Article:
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Please find a brief update on where things stand as we begin to round the final curve …

Constitutional carry loses steam … before regaining it. As we noted last week, constitutional carry (sometimes called permitless carry because it would allow Texans to carry a firearm without obtaining a state issued permit) passed the House, while companion bills have yet to receive a hearing in the Senate. Early last week, Lieutenant Governor Patrick took the unusual step early last week to say that he lacked the votes in the Texas Senate to pass the measure. Despite the pronouncement, Lt. Governor Patrick later created a new Special Committee on Constitutional Issues and quickly referred the House bill to the new committee. Still, Patrick’s office continued to pour cold water on the bill’s prospect.

House easily passes budget … without much incident. The House unanimously voted to approve a $246 billion budget last Thursday, where debate lingered late into the evening. The budget will now move to conference committee where significant differences will be worked out between the two chambers’ versions. Conference committee this year could take on added significance. All eyes are on the comptroller, who is expected to revise his biennial revenue estimate. The BRE determines how much money appropriators will be able to spend when crafting the budget. We expect the revision to come early next month, shortly after the Comptroller reviews April’s revenue collections. We also expect a significant increase in the amount of available money. Significantly, the budget does not appropriate nearly $17 billion in federal relief that has yet to reach the state. An amendment to the house budget would require a special session to appropriate those dollars.

Symbolic vote on Medicaid Expansion fails. Buried in 200+ prefiled amendments to the House budget was an amendment urging the state to expand Medicaid. While similar amendments periodically are filed, this amendment received more attention given the increased chatter about coverage expansion coming into session and the recent news that the Biden Administration had rescinded the state’s 1115 Waiver renewal (a key source of federal funding that helps pay for uncompensated care and fund the state’s hospital safety net). Because amendments attempting to expand Medicaid face multiple legal questions, the vote was largely symbolic. The vote failed along mostly party line, surprising some given bipartisan support for a much more comprehensive bill aimed at expanding Medicaid. That bill still remains motionless in committee and is unlikely to pass at this point absent a very concerted push by leadership, which we doubt is in the cards. As we have mentioned previously, the politics for expanding coverage in Texas hinged in large degree on the outcome of the 2020 elections and dimmed significantly with the success enjoyed by the GOP. Moreover, we believe the rescission of the Waiver actually creates political headwind for expansion in Texas.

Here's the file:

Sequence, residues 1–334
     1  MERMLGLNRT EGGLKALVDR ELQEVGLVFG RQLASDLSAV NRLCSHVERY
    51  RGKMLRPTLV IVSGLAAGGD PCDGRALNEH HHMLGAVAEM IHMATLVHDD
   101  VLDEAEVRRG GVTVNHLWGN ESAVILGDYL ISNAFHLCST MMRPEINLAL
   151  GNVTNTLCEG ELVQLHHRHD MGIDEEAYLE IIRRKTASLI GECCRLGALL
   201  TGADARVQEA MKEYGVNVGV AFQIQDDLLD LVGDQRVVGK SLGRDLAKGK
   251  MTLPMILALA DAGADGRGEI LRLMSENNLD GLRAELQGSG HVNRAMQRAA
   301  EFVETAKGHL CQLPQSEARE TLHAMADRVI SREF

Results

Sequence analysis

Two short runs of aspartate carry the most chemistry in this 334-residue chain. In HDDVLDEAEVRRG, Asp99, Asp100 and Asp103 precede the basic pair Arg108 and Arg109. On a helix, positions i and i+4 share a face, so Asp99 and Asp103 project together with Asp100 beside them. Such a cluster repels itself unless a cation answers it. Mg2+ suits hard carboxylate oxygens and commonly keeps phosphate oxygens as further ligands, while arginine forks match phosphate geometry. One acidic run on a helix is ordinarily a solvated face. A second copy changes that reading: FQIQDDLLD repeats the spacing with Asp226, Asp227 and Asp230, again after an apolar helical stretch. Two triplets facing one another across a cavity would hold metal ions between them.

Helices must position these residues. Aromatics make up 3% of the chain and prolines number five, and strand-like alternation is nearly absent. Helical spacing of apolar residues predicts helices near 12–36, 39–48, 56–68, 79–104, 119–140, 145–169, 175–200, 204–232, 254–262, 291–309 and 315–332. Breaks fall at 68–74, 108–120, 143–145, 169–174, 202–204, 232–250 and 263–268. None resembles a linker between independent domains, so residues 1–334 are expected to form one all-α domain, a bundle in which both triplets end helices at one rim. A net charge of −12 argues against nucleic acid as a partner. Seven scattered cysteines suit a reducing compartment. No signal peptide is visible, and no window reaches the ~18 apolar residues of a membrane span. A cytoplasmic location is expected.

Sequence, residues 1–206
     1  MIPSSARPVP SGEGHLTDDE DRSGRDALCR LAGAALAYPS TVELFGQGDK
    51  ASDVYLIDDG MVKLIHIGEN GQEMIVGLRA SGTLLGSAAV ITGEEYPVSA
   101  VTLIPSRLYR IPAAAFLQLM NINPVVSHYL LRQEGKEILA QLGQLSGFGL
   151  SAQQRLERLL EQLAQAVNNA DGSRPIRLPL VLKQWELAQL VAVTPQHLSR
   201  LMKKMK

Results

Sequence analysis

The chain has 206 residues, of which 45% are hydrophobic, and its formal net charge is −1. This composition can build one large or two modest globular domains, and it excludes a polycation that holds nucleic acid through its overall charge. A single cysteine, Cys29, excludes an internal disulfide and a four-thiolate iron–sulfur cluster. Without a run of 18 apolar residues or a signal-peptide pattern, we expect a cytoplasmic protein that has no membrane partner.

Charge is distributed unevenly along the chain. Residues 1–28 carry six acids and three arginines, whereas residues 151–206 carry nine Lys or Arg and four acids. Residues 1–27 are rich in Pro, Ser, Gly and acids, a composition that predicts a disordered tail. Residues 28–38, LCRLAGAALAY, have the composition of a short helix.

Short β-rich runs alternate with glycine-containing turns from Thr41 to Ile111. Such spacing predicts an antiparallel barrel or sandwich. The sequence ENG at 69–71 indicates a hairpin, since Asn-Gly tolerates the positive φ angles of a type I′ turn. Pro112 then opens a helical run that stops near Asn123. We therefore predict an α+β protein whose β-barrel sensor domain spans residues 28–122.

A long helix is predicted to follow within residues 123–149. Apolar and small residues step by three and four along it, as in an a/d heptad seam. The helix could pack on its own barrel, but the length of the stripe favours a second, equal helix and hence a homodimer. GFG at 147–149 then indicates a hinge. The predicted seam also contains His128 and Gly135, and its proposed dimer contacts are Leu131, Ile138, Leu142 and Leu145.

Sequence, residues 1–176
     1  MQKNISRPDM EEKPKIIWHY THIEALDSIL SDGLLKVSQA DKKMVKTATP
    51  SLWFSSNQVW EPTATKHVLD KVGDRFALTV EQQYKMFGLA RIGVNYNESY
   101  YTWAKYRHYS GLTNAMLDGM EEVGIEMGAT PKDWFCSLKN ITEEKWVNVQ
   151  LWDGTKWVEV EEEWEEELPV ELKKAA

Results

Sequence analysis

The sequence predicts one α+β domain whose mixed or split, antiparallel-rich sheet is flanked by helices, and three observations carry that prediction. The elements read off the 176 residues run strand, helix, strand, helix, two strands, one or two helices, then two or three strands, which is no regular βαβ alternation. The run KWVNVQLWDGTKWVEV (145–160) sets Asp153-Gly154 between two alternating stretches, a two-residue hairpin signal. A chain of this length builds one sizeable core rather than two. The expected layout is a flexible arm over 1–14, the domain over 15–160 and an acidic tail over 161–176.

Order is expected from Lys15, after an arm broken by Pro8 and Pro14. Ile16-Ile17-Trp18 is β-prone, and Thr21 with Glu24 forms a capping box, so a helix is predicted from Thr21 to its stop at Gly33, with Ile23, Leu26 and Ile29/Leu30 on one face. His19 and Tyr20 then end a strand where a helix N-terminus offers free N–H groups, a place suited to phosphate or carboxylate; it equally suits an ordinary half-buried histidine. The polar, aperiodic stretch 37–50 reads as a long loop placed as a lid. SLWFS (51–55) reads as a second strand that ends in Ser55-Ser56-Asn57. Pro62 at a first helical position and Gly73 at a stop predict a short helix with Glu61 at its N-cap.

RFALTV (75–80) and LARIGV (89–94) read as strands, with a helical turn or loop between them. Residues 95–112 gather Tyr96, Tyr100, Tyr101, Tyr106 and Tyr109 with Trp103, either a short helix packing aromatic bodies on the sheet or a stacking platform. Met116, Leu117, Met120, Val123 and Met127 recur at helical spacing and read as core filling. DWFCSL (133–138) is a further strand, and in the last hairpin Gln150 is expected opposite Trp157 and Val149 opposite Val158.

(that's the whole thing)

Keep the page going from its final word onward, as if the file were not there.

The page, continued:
Texas resumes use of the J&J vaccine. On Friday afternoon, state officials told providers they could resume using the Johnson & Johnson vaccine. The state had halted use of the vaccine a couple weeks ago based on guidance from the CDC, which had identified the potential risk of blood clots as side effect of the vaccine. At least one Texas woman had been hospitalized with similar conditions following the vaccine. A nationwide survey conducted prior to resumption of the vaccine showed significant hesitancy towards the J&J vaccine, but it remains to be seen how opinions may shift following last week’s announcement.

Scandal involving lobbyist and legislative staffer comes to light. Over the weekend, revelations that the Department of Public Safety was investigating whether a lobbyist gave a date rape drug to a legislative staffer came to light, prompting universal outcry from legislators. As more facts come to light, we will provide additional updates on the scandal and any ramifications in the legislative session.

Please find a brief update on how things are progressing at the Texas Capitol …

Constitutional carry and other politically polarizing bills make progress. This week saw a tense day on the floor of the House, as the body considered a bill often referred to as “Constitutional Carry”. In essence, the bill would remove the requirement to obtain a permit to carry a firearm. The vote followed party lines for the most part, but about 10% of Democrats did vote for the bill. The bill will move to the Senate with a new political backdrop; yesterday, a former Travis County (Austin) deputy killed three family members in Northwest Austin. The event will also likely impact discussions around bail reform; as the deputy was arrested last June after being accused of sexually assaulting a minor. SB 21, the Senate’s bail reform bill, passed the full chamber this past week. Other politically charged bills on the move this past week included:

ERCOT releases summer forecast as PUC gets new commissioners. ERCOT released a preliminary assessment of resource (generation) adequacy for this summer. It identified nearly 10,000 MW of reserve capacity above predicted peak demand. However, ERCOT did identify three worst-case scenarios that could lead to power outages should those conditions play out. The assessment comes as ERCOT had to issue a request to consumers to conserve energy last week. The request came on an unusually hot spring day; spring is typically when many generators are offline for scheduled maintenance. Two important steps were taken last week to install new leadership at PUC: Commissioner Will McAdams was sworn in and the Governor appointed the chair of the Texas Water Development Board to the PUC, Peter Lake.